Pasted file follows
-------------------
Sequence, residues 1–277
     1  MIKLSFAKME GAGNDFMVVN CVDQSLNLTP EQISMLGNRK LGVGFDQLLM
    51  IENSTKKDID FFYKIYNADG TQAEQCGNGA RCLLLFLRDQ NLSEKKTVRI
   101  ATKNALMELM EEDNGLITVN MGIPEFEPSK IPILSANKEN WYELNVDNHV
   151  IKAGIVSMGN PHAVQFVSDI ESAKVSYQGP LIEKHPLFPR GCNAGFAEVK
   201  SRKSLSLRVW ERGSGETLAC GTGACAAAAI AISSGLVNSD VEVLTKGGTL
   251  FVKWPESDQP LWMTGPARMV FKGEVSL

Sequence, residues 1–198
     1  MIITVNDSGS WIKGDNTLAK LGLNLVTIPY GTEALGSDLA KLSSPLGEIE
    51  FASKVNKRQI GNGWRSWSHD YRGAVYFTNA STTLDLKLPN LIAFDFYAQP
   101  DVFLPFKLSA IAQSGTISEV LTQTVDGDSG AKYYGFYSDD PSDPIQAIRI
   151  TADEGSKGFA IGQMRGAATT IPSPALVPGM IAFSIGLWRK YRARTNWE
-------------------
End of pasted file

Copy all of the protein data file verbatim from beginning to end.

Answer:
Sequence, residues 1–277
     1  MIKLSFAKME GAGNDFMVVN CVDQSLNLTP EQISMLGNRK LGVGFDQLLM
    51  IENSTKKDID FFYKIYNADG TQAEQCGNGA RCLLLFLRDQ NLSEKKTVRI
   101  ATKNALMELM EEDNGLITVN MGIPEFEPSK IPILSANKEN WYELNVDNHV
   151  IKAGIVSMGN PHAVQFVSDI ESAKVSYQGP LIEKHPLFPR GCNAGFAEVK
   201  SRKSLSLRVW ERGSGETLAC GTGACAAAAI AISSGLVNSD VEVLTKGGTL
   251  FVKWPESDQP LWMTGPARMV FKGEVSL

Sequence, residues 1–198
     1  MIITVNDSGS WIKGDNTLAK LGLNLVTIPY GTEALGSDLA KLSSPLGEIE
    51  FASKVNKRQI GNGWRSWSHD YRGAVYFTNA STTLDLKLPN LIAFDFYAQP
   101  DVFLPFKLSA IAQSGTISEV LTQTVDGDSG AKYYGFYSDD PSDPIQAIRI
   151  TADEGSKGFA IGQMRGAATT IPSPALVPGM IAFSIGLWRK YRARTNWE